Big decisions: Living abroad

Why I moved abroad and why I’m not planning on going home anytime soon

Why I moved abroad and why I’m not planning on going home anytime soon

What to know about living abroad - Nell McShane WulfhartMoving abroad is like taking up horseback riding or learning a new language — nice to dream about, but somehow it keeps getting pushed to the back burner. For me, moving abroad was something that started in college and just kept going.

I went to college in Dublin — yes, all four years. Ireland was familiar (my mother is from there) but different enough to be interesting. And it offered the chance to visit the rest of Europe, with alluring cities just an hour’s plane ride away. I learned to pronounce “Smithwick’s” properly, to turn on the hot water heater 30 minutes before I wanted a shower, and to embrace a more cosmopolitan mindset that was full of ideas that didn’t center around America.

Postcollege, I returned to Philadelphia. I worked in medical publishing, went out all the time, shared an apartment with my best friend … and was bored. I was itching for a change, so I moved to Saigon, almost on a whim.

I wasn’t sure what to expect: I knew only that the weather was hot and the food was good. The cost of living was also lower. I ended up staying for four and a half years — zipping around the city on a motorbike, heading to the beach on weekends, and working at an expat magazine writing about the city’s food, nightlife, and culture.

This was where I started freelancing as a travel writer; Vietnam was just beginning to become a popular destination, and English and American journalists there were few and far between. Did I think about returning to the U.S.? No, although there were things I missed. Once, I flew home for Christmas and the immigration officer at the Newark airport noticed I hadn’t been back for a year. “Welcome home!” he said, and I started beaming and couldn’t stop.

Post-Vietnam, I traveled in East Africa for six months, then moved to Israel for eight months, then moved to Seoul for a year. Staying abroad made sense as a career decision: I was becoming a full-time travel writer, thanks to my on-the-ground knowledge, and writing for more prestigious publications all the time. Since then I’ve moved to Uruguay, using it as a base for travel to Colombia, Argentina, the Dominican Republic, and plenty of other places.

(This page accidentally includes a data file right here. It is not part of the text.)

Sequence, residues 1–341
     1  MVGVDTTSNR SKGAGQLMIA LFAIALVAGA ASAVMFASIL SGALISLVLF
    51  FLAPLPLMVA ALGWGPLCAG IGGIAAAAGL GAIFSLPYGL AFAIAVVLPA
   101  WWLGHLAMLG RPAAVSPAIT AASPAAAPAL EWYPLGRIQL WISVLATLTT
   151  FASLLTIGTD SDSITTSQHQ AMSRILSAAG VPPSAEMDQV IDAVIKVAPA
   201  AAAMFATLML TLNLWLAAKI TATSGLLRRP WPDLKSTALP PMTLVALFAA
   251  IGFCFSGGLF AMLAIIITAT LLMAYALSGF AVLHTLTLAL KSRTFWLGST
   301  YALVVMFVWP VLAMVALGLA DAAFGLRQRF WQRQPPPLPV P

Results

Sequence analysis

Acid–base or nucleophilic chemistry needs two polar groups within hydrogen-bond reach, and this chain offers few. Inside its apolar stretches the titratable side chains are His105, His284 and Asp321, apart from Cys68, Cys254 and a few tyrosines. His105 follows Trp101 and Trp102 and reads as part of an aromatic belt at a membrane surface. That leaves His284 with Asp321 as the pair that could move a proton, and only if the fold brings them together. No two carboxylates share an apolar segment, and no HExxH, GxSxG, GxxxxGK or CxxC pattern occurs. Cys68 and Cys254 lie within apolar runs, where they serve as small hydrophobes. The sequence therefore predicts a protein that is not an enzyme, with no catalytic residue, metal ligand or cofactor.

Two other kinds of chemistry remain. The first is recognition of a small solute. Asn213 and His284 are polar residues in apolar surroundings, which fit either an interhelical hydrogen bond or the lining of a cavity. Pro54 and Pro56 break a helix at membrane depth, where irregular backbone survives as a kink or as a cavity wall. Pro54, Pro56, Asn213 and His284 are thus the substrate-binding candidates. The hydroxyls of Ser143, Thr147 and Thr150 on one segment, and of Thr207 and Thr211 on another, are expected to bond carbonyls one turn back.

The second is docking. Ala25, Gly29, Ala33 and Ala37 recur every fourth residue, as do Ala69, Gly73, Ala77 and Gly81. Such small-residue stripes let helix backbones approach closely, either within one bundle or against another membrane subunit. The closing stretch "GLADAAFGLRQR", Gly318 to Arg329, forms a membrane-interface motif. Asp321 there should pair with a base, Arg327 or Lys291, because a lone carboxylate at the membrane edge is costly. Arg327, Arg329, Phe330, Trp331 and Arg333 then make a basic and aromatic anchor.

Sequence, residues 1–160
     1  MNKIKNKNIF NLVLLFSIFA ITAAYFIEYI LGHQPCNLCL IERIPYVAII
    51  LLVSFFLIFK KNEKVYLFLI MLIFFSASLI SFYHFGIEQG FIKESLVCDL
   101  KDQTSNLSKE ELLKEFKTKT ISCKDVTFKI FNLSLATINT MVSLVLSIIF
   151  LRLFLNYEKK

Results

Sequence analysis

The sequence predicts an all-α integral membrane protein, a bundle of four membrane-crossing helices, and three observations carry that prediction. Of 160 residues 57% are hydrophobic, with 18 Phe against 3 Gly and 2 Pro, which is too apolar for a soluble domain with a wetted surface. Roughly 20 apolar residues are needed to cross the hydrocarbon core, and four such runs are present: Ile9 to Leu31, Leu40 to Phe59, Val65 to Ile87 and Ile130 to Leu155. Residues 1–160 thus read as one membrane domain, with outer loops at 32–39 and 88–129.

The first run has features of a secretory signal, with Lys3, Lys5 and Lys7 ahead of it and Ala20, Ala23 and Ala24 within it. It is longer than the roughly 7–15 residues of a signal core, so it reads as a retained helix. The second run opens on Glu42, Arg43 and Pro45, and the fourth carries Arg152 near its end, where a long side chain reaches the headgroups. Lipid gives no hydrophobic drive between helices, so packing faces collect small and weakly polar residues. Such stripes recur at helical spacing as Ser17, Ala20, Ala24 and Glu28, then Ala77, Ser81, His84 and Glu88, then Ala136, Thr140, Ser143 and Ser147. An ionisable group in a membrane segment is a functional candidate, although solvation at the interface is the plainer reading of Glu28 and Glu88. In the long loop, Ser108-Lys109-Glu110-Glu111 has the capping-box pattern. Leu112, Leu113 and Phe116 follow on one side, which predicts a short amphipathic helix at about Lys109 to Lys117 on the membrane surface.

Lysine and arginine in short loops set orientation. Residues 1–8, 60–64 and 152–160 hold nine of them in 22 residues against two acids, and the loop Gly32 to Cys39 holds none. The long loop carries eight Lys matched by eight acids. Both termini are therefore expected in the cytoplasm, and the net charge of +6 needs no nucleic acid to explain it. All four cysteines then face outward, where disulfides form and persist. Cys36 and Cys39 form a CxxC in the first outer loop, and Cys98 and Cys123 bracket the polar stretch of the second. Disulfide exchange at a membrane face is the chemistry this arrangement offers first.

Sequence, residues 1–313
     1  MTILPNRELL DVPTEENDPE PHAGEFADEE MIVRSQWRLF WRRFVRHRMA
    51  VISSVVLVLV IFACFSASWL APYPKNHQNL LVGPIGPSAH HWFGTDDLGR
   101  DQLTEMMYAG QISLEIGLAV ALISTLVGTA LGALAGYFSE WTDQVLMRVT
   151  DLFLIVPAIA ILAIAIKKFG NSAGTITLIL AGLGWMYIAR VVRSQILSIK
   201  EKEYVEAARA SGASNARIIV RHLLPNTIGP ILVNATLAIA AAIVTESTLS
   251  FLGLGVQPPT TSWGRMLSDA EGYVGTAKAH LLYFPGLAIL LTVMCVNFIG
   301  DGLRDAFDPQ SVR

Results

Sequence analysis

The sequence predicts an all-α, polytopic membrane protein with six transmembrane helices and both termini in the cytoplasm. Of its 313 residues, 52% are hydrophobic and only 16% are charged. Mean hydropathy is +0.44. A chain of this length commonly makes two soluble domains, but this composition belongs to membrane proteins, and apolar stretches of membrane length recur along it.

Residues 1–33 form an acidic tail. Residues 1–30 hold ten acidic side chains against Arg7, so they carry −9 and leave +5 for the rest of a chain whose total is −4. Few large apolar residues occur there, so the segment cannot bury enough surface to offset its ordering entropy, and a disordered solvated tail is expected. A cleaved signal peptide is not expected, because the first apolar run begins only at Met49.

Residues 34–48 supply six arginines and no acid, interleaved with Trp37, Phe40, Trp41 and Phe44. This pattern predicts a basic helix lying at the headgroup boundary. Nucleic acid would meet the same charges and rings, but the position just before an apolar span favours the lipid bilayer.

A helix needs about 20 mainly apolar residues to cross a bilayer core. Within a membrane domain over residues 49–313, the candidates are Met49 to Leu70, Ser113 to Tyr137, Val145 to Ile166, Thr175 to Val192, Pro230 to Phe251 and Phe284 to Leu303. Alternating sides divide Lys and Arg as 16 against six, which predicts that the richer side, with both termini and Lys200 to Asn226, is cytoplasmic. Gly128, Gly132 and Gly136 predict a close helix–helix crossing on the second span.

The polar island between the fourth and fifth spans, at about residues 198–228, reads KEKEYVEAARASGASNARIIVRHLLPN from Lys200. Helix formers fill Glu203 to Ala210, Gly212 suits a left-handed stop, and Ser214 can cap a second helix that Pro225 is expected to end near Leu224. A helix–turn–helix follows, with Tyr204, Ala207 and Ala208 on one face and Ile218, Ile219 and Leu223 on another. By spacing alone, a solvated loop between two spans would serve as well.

Whether to stay abroad or return to the U.S. isn’t a question any more. Although life in the States is easier — people speak English! you can buy everything online! — I wouldn’t trade those conveniences for the thrill of taking road trips up the Uruguayan coast and going to hear Argentinean bands play at local clubs. Living abroad, whether it’s Montevideo or Nairobi, doesn’t feel alien anymore. It feels like home.

Moving abroad is like taking up horseback riding, or learning a new language — nice to dream about, but somehow it keeps getting pushed to the back burner.

Financial factors: living abroad

Even in a country that seems culturally similar — such as Canada or England — you need to think carefully about your finances.

  • Where you’ll bank. In some countries, opening an account can be an arduous process.
  • What impact currency exchange rates will have as you move money between your U.S. accounts and your foreign bank.
  • How often you’ll travel home and how much it will cost.
  • How working abroad could affect your U.S. retirement savings. Will you still be able to contribute to a U.S. IRA or 401(k)?

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